Again, I would like it if Iran ratified the A.P. but it is, in my view, inappropriate for the IAEA’s DG report to recommend such political steps. In the meantime, if the UNSC would like Iran to ratify the A.P. they should consider increasing the carrots and reducing the sticks, because ultimately this is voluntary step not a requirement for Iran.

      As long as Iran has not ratified the A.P. it is fully expected that the Agency cannot verify the possible non-diversion of undeclared material nor conclude that all nuclear material in Iran is in peaceful activities. The same is true of several other countries. I do not see this particular issue as being something “wrong” that Iran is doing or not doing.

      If this is a basis of finding Iran in non-compliance I would be interested to hear more about that.

      What I see currently see in Iran is a nation stockpiling more LEU than it needs for its current needs. There may be several reasons for this including planning for a potential future situation where their enrichment facilities have been subjected to military action, or indeed for a future Iranian bomb. But there is nothing intrinsically illicit about a NPT member state stockpiling LEU as long as it is not weaponizing. The NPT allows a latent nuclear weapons capability. This is an unfortunate weakness of the NPT.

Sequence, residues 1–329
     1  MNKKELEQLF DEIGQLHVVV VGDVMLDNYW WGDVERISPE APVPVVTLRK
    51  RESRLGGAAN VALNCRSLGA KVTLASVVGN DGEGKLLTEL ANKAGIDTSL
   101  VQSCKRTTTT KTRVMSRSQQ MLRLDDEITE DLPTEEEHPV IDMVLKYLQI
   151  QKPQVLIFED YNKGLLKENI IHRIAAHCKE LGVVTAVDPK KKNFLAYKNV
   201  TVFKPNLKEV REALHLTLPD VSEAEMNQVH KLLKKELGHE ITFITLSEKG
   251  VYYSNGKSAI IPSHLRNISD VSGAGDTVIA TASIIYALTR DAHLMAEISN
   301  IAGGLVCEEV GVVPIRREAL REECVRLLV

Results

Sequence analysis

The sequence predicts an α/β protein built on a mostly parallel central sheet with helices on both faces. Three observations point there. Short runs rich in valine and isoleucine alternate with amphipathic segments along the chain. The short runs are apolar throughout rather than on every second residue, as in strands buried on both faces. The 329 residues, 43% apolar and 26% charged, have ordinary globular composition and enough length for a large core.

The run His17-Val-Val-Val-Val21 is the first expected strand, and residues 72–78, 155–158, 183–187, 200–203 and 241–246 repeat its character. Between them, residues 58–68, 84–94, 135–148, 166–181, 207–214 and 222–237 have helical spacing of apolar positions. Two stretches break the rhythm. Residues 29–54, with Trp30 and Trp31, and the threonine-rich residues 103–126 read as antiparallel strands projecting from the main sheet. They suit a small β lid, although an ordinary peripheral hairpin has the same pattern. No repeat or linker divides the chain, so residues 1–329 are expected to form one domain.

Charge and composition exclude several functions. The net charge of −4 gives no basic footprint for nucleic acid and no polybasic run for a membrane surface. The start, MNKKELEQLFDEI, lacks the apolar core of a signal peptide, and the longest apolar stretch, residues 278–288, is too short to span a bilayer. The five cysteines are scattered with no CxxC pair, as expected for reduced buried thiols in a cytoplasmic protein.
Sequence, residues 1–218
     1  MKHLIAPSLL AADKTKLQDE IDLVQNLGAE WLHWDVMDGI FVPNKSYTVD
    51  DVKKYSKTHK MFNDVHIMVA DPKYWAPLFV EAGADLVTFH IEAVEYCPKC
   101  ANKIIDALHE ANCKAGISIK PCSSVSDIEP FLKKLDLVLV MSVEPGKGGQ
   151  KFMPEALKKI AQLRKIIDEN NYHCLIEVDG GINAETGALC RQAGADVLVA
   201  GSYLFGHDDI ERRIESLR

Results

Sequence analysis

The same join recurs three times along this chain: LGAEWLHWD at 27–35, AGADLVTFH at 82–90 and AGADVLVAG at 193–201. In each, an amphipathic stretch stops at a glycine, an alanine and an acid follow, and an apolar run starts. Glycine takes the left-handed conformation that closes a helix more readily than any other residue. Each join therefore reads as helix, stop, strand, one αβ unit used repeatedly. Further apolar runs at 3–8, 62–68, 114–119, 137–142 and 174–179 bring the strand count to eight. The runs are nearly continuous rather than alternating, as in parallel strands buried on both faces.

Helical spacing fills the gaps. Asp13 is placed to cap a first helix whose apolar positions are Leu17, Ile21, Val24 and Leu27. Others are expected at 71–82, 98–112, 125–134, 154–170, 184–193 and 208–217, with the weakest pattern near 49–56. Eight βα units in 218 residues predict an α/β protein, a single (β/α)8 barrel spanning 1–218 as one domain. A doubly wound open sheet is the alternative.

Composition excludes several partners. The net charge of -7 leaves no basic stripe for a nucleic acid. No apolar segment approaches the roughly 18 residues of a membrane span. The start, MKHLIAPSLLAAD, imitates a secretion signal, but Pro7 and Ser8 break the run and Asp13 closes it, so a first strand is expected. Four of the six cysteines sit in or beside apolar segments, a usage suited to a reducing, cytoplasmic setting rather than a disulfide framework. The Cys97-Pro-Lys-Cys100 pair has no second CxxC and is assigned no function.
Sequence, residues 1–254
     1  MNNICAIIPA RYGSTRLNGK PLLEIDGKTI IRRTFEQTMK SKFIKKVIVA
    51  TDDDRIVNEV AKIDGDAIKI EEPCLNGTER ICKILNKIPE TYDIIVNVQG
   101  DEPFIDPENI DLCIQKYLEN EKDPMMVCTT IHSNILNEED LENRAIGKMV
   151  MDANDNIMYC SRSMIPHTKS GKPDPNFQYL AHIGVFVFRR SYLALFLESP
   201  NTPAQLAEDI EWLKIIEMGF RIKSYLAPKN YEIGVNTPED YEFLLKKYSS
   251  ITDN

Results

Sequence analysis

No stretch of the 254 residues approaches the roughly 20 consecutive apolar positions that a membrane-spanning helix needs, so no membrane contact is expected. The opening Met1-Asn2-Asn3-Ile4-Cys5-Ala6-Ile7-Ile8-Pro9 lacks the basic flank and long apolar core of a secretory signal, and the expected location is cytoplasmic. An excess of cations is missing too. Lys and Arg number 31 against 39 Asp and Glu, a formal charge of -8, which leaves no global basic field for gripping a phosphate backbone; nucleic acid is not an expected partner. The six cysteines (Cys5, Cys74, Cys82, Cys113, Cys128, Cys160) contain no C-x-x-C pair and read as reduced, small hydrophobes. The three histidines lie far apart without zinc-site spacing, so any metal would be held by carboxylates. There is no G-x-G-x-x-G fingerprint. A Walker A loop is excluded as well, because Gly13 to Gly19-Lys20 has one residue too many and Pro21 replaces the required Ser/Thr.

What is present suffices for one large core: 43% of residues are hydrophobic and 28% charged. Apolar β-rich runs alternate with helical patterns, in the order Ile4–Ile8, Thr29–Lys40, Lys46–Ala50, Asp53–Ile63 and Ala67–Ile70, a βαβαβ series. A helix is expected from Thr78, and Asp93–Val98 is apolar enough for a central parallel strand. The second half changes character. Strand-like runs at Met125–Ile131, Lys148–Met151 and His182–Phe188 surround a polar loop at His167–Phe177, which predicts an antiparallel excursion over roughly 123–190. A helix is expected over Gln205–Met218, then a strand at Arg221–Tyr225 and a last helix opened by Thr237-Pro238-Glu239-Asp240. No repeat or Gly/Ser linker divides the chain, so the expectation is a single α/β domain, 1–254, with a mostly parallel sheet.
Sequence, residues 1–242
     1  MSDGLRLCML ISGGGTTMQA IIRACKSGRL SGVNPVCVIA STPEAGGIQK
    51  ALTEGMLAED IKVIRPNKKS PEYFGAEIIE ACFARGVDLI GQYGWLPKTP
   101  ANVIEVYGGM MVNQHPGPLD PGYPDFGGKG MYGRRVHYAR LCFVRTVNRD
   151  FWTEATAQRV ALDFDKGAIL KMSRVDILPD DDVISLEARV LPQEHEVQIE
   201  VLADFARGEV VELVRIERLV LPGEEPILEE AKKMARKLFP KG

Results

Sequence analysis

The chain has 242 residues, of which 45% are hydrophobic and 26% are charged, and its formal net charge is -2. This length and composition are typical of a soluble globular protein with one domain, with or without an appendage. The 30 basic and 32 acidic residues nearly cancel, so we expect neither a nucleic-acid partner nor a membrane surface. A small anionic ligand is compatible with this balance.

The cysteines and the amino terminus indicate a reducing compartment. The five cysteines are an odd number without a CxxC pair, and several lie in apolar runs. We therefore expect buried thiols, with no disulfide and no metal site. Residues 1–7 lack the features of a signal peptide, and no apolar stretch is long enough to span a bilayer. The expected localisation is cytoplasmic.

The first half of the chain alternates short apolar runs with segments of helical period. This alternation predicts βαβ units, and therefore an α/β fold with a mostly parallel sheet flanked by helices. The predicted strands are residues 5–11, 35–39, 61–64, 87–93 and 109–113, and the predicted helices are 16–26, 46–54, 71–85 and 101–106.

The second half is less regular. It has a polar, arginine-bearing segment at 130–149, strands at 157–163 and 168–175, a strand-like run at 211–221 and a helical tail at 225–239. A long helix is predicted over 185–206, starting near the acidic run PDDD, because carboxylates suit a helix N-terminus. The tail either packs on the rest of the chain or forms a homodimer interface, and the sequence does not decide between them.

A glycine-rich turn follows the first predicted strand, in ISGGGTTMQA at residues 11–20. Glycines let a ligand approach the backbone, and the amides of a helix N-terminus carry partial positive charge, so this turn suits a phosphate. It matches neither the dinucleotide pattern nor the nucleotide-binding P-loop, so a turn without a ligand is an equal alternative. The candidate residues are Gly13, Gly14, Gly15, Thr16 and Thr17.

12. shaheen (History)

    Looks like FSB has a successor!

    Amy, you are drowning ACW readers with your long comments. Since you are mostly reiterating the same points over and over, they could be summarized in a few sentences, don’t you think?

    Anyway, I’ve stopped reading them some time ago, but I still read the short ones, and this latest one is misguided. (I am giving you the benefit of good faith of course.) The quoted cable does not say that “Amano us backing the US agenda”. It says that, from the point of view of the US drafter, there is a “very high degree of convergence” between his priorities and the US agenda. That’s it.

    Footnote: what’s wrong as a matter of principle with “having an agenda”?